Many of the Democrats who sent John Kerry to a big caucus victory in Nevada started out supporting another candidate but gravitated to the Massachusetts senator as the party's best bet to defeat President Bush.
Leaders of Nevada's Democratic Party credited the "anybody but Bush" philosophy with producing an unexpectedly large turnout at precinct caucuses across the state Saturday and a 63 percent vote for the party's front-runner.
"I was for Howard Dean but I feel now Kerry will have a better chance to get elected than Dean," said Jean O'Connor, 75, Reno, who got involved in Democratic politics as a volunteer on President Kennedy's campaign in 1960.
"When Dean got ahead, the media dinged him so much, I reluctantly changed. But I like what Kerry stands for, the fact he is a veteran," she said.
Bob Fulkerson, a liberal activist who works as executive director of the Progressive Leadership Alliance of Nevada, also started as a Dean backer.
"It looks like Kerry has the best chance of beating George Bush, which is what we need to do," said Fulkerson, who pointed to the crowd of 1,500 who jammed Washoe County's caucuses at Wooster High School as evidence Bush's job is in jeopardy.
"This is the first time in northern Nevada where a political event has a bigger turnout than a high school football game. When that happens, it means something is in the air," he said.
Mark Ogulnick, 50, Boulder City, said he picked Kerry over Sen. John Edwards.
"I like John Edwards, but I think John Edwards is the future. Right now, John Kerry is the man," he said.
Edward Vento, an Edwards supporter, urged a unified approach.
"What we have here is a house, a family. We need to keep it that way all the way to November no matter who gets the nomination," Vento said in Reno.
Patti Bakker carried a sign at the same caucus that said, "I am Dean's special interest." She said she is "not excited about Kerry" but conceded she would vote for him if he is the nominee.
"I think so many people are afraid our country and our world aren't going to weather another four years of a Bush administration," Bakker said.
Washoe County Democratic Party spokeswoman Pam duPre said anti-Bush sentiment is strong in Washoe County.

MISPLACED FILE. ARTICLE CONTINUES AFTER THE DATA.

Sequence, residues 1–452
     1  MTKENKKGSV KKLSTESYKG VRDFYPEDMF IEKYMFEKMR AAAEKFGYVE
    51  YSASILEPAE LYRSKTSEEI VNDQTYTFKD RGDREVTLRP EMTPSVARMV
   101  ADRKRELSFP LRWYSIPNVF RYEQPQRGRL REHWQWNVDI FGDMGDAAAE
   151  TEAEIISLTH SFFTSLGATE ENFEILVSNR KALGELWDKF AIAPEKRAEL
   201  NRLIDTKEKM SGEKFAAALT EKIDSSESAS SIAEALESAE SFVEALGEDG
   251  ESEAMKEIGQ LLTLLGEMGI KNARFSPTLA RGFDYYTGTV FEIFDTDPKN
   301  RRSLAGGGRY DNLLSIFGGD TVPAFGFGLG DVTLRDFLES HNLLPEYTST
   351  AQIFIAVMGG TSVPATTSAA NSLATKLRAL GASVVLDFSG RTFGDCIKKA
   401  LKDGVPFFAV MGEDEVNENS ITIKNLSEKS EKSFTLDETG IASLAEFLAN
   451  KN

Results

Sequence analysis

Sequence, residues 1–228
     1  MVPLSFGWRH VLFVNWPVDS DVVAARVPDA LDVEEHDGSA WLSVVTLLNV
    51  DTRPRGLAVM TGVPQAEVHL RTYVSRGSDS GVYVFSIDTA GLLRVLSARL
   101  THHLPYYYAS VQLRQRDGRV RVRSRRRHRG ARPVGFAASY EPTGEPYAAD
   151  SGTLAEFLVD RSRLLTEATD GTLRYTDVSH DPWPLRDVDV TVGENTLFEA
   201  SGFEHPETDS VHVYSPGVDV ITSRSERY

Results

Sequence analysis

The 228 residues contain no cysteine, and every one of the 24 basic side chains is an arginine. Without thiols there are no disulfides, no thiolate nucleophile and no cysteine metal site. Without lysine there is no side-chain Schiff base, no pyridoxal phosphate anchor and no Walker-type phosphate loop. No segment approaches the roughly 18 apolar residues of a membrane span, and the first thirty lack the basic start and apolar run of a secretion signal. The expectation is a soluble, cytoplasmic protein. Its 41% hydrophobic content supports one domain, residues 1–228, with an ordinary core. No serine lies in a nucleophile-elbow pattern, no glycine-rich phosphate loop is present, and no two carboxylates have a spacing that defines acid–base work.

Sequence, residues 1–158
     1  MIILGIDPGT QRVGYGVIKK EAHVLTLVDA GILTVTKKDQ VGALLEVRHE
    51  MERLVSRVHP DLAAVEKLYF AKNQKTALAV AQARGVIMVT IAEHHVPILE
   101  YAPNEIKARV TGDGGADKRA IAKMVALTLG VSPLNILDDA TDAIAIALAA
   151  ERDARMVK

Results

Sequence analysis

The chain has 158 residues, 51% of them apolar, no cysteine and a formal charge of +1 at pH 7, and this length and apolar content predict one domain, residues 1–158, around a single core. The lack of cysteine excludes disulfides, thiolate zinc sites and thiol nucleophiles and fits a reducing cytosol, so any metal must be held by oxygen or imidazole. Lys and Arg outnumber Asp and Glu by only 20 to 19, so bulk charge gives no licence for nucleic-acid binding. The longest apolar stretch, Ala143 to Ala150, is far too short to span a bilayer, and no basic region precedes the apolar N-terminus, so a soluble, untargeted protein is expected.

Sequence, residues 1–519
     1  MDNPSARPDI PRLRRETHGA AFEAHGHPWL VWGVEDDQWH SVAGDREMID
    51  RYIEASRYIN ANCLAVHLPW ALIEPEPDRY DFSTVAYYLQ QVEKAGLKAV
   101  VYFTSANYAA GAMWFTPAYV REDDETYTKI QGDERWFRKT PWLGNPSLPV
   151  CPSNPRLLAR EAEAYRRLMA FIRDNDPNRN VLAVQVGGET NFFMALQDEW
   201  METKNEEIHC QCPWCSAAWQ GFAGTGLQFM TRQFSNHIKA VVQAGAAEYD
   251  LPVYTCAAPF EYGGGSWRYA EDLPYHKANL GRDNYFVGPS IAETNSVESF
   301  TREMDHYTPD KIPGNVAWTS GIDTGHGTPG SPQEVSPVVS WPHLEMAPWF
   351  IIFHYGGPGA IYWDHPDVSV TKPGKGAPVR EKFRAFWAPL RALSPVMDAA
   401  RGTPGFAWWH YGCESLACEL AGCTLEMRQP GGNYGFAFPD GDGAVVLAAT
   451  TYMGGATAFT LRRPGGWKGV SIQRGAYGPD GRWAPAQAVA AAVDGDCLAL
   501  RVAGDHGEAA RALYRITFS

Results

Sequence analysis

"Part of our message now that we have voted is that we're Democrats first and we all have one thing in common as far as the presidential race, and that is to defeat George Bush," she said.
Republican leaders remain optimistic Bush will carry Nevada's five electoral votes in November after narrowly winning the state in 2000.
"At the end of the day, it won't be hard for Nevadans to see that Sen. Kerry and the Democratic message of protest and pessimism are out of sync with this state," said Sen. John Ensign, R-Nev.
Both parties have targeted Nevada - split about evenly between Democrats and Republicans - as a battleground state.
"President Bush would not be president today if it were not for Nevada," Ed Gillespie, the chairman of Republican National Committee, said during stops last week in Las Vegas and Reno.
"We won those electoral votes by an average of only 18 votes per precinct," he said. "We are determined to increase that margin this time."
Nevada Democratic Chairwoman Adriana Martinez said the 6,000 Democrats at the caucuses in Las Vegas was "unbelievable."
"If this is an indication of the energy the Democrats have brought to the table, it's no wonder the Republicans are afraid," she said.
Washoe County Democratic Chairman Chris Wicker said the Reno crowd was even more impressive because the county has more registered Republicans than Democrats. He predicted "almost 100 percent" of those who attended Saturday will back whoever wins the Democratic nomination.
Wicker believes Democrats' opposition to Bush is stronger than the hatred many Republicans showed for President Clinton.
"With Clinton, I think it was personal. They hated Clinton because he fooled around in the White House. Today, people are disgusted with Bush because of his policies," Wicker said.
Not all Democrats are ready to climb on Kerry's bandwagon.
"I will not vote for Kerry," said Jeffrey Moulder, a backer of Ohio Rep. Dennis Kucinich who chased after Sen. Harry Reid on Saturday to criticize the senator's speech that declared the race was down to Kerry, Edwards and Dean.
Likewise, Kucinich backer Jeff Knutson criticized a speech in support of Kerry by former Nevada Attorney General Frankie Sue Del Papa, who closed to loud applause by saying: "Are you ready to take the White House? I say, `Bring it on.'"
Knutson said, "We do not need our leaders to bellow, `Bring it on.' We need our leaders to talk about the issues."
"It's time that being electable means you represent the best interest of the voters," he said.